Digests » 84

this week's favorite

Microsoft Research 2019 reflection—a year of progress on technology’s toughest challenges

Research is about achieving long-term goals, often through incremental progress. As the year comes to an end, it’s a good time to step back and reflect on the work that researchers at Microsoft and their collaborators have done to advance the state of the art in computing, particularly by increasing the capabilities and reach of AI and delivering technology experiences that are more inclusive, secure, and accessible. This covers only a sliver of all the amazing work Microsoft Research has accomplished this year, and we encourage you to discover more of the hundreds of projects undertaken in 2019 by exploring our blog further.

Automating Pac-man with Deep Q-learning: An Implementation in Tensorflow

Over the course of our articles covering the fundamentals of reinforcement learning at GradientCrescent, we’ve studied both model-based and sample-based approaches to reinforcement learning. Briefly, the former class is characterized by requiring knowledge of the complete probability distributions of all possible state transitions, and can be exemplified by Markovian Decision Processes.

A list of beginner-friendly NLP projects—using pre-trained models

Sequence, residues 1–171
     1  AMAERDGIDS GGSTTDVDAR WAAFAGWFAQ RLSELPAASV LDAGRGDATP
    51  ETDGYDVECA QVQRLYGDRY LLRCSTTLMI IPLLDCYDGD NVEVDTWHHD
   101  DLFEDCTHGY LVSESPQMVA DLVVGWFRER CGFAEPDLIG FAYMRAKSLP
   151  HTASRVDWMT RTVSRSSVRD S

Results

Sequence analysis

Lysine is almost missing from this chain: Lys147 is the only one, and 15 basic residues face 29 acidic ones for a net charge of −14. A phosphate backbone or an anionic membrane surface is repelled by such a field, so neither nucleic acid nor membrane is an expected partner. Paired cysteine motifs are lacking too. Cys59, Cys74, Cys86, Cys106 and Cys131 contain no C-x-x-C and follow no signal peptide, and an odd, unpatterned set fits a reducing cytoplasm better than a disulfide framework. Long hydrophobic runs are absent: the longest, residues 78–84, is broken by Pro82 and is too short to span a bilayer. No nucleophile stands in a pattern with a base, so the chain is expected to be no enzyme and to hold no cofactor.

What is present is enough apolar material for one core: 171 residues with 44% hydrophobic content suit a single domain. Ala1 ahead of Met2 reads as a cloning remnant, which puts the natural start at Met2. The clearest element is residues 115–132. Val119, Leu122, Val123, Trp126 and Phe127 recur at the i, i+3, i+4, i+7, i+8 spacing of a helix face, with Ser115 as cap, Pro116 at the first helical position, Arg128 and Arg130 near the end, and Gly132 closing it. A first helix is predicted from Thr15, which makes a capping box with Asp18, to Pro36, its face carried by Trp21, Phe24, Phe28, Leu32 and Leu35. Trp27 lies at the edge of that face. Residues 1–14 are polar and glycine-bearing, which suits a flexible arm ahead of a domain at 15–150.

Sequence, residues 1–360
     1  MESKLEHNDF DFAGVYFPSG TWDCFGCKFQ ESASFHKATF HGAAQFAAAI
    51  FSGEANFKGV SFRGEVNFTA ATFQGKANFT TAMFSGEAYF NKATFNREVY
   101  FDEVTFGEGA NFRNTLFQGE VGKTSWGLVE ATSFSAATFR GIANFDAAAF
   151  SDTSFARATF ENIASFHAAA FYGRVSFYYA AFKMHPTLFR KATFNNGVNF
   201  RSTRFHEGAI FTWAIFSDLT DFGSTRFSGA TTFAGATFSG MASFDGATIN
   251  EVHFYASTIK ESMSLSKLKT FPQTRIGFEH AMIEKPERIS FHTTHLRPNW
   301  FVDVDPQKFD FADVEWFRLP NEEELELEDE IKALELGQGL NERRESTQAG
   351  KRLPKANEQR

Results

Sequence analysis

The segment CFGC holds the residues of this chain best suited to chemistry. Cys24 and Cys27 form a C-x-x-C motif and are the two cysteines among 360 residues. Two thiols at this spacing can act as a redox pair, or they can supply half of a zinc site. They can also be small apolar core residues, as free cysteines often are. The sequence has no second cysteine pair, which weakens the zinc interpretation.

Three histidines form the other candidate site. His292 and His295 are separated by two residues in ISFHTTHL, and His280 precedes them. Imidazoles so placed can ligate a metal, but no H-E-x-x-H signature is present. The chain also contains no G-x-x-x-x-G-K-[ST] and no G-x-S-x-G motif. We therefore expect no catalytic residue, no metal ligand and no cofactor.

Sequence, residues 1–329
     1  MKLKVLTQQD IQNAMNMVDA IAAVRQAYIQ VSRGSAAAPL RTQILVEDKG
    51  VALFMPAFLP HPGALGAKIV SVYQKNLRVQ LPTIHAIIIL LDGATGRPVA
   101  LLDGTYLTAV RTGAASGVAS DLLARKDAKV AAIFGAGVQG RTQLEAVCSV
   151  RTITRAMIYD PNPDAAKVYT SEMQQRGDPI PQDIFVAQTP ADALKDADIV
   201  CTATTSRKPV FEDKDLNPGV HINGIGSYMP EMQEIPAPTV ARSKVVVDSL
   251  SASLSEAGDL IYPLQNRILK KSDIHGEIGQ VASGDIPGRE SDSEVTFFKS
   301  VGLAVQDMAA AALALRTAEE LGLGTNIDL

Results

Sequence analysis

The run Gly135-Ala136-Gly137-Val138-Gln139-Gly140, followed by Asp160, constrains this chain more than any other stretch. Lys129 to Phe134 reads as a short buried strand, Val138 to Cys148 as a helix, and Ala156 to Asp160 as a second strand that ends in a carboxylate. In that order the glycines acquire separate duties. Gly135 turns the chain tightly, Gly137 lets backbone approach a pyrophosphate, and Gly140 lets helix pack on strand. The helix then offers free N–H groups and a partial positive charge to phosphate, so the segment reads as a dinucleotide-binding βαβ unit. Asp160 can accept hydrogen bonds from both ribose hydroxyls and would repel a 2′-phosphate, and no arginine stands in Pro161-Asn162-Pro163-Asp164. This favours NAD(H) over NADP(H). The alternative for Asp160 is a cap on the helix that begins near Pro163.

If you’re interested in building production software with machine learning, however, there are fewer resources available to you. The infrastructure challenges of putting machine learning in production simply don’t have the same wealth of writing around them.

Topology and You: What the future of NLP has to do with algebraic topology

As sizes continue to exponentially increase, it would be beneficial to be able to know what new information we are actually capturing rather than relying on "Oh well it improves results downstream." This interest is strongly validated by the recent work into DistilBERT [Sanh et al.]. Models cannot continue to grow at the exponential rate they currently are, so it seems advantageous to use feature engineering from classical statistics to enrich and enhance our modern approaches.

NIPS vs. NeurIPS: guest post by Steven Pinker

As a followup to last Thursday’s post about the term “quantum supremacy,” today all of us here at Shtetl-Optimized are humbled to host a guest post by Steven Pinker: the Johnstone Professor of Psychology at Harvard University, and author of The Language Instinct, How the Mind Works, The Blank Slate, Enlightenment Now (which I reviewed here), and other books.